The goals of stage 1 of MIA are to build a foundation in language acquisition theory, create a robust immersion environment, become comfortable with tools such as Anki, etc.
If you’re a beginner (or any level, really) in a foreign language, up to what point are you able to judge someone’s language ability? The answer to this question is simple: You can only judge ability up to your own level...
The Dunning–Kruger effect is a cognitive bias in which, for any given skill, people at relatively low levels tend to overestimate their ability, due to not being competent enough to recognize their own incompetence. In language learning...
In the context of language acqusition, the idea of Theory vs Practice applies on two different levels...
The difference between acquisition and learning is crucial to understand when attempting to learn a foreign langauge.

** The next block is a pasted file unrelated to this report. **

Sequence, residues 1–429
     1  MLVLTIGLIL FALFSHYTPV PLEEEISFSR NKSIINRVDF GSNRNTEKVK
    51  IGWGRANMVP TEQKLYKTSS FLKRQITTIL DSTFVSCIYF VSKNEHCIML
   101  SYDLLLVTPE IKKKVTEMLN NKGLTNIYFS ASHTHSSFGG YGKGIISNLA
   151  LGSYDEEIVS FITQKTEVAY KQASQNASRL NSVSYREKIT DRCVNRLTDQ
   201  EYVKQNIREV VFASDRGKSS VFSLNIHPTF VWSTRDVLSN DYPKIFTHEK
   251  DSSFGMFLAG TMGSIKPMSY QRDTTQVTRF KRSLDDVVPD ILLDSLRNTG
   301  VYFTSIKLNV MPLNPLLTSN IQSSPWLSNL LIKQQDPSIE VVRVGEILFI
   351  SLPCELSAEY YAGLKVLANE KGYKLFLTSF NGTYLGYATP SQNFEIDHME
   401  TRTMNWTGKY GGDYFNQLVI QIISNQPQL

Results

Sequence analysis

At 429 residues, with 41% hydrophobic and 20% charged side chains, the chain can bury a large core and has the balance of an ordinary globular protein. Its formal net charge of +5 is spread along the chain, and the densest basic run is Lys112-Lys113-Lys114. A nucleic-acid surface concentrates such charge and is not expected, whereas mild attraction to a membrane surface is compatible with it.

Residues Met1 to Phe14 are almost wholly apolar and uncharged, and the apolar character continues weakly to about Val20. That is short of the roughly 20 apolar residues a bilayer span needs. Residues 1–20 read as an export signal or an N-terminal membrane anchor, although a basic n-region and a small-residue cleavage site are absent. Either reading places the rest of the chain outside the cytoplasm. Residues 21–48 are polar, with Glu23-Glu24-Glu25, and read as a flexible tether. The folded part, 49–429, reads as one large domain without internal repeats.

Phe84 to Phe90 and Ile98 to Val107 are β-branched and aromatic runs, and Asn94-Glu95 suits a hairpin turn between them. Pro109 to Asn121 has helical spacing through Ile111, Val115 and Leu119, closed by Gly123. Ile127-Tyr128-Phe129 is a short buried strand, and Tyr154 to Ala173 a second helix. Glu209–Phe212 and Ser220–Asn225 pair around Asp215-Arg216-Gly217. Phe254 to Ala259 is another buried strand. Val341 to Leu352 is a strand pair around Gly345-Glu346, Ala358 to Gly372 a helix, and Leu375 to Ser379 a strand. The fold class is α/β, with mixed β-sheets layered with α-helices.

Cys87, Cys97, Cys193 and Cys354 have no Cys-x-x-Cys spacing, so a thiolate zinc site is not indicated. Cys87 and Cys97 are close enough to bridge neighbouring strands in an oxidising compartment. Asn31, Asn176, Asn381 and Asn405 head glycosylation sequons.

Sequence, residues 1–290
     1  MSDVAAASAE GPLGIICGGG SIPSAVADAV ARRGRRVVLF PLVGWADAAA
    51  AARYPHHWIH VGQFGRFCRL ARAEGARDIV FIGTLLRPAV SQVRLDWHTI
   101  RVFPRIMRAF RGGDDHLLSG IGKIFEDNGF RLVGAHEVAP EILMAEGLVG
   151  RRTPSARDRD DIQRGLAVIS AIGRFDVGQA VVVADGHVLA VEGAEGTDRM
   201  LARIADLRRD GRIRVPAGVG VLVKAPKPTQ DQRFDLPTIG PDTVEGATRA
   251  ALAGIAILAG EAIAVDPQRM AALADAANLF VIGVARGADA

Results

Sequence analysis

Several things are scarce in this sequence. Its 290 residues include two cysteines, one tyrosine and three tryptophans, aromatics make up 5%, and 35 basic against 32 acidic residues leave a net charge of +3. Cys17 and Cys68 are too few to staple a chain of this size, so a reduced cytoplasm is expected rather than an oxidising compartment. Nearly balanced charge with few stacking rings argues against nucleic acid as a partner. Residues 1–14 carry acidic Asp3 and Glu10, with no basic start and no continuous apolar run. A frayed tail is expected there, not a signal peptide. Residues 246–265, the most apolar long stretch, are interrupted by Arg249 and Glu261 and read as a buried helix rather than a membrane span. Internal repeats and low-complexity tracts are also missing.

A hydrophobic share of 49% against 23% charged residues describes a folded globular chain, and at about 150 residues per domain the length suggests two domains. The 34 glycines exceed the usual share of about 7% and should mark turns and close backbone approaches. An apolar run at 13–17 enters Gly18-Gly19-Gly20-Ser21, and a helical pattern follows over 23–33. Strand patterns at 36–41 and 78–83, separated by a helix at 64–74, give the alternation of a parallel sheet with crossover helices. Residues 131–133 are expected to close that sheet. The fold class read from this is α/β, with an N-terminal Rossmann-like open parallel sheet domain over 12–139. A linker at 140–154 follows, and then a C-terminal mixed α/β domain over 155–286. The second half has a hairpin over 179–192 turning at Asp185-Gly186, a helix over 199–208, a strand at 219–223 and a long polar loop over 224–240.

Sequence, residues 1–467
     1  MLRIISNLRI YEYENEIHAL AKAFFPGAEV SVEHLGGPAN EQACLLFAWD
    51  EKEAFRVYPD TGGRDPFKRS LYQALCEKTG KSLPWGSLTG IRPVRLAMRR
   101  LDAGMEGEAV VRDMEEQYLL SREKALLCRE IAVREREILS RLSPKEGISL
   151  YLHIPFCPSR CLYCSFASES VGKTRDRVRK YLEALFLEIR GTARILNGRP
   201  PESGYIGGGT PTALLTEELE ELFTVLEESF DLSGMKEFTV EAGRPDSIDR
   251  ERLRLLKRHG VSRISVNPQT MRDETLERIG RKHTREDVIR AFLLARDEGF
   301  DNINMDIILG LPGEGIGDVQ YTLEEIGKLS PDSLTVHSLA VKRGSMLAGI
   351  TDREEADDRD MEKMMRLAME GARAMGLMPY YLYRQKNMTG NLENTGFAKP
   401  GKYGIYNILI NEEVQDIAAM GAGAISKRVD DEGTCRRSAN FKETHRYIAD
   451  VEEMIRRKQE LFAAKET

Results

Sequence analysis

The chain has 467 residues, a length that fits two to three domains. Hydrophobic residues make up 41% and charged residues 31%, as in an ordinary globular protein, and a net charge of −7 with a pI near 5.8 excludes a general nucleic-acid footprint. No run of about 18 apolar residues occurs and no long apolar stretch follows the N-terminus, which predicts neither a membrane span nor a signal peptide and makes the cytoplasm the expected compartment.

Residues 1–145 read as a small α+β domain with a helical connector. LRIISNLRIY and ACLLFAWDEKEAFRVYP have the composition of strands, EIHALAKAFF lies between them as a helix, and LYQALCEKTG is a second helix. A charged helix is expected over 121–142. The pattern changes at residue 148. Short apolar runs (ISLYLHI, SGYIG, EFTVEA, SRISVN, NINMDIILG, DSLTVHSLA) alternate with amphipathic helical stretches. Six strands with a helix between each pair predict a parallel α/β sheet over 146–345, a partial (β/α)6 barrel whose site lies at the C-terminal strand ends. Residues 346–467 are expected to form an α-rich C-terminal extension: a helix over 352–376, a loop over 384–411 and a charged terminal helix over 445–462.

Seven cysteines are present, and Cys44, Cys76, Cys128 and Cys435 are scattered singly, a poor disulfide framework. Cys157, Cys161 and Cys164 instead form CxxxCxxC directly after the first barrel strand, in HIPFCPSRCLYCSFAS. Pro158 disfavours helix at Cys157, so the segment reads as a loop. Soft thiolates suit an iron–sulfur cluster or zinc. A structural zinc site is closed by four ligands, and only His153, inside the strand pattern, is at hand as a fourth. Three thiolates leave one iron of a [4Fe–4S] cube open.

As language learners, we need to be able to talk about different levels of ability. It's what allows us to set concrete goals, measure how effective different methods are, and determine how qualified someone is to give advice.
The following guide was designed to contain everything needed to complete Stage 1 of MIA for Japanese. It’s mainly focused on what to do and less on why to do it.
In the two videos above I am talking about Japanese kanji and the book Remembering the Kanji, but all of the same principles apply to Chinese hanzi and the books Remembering Simplified Hanzi and Remembering Traditional Hanzi (from here on RTH) respectively.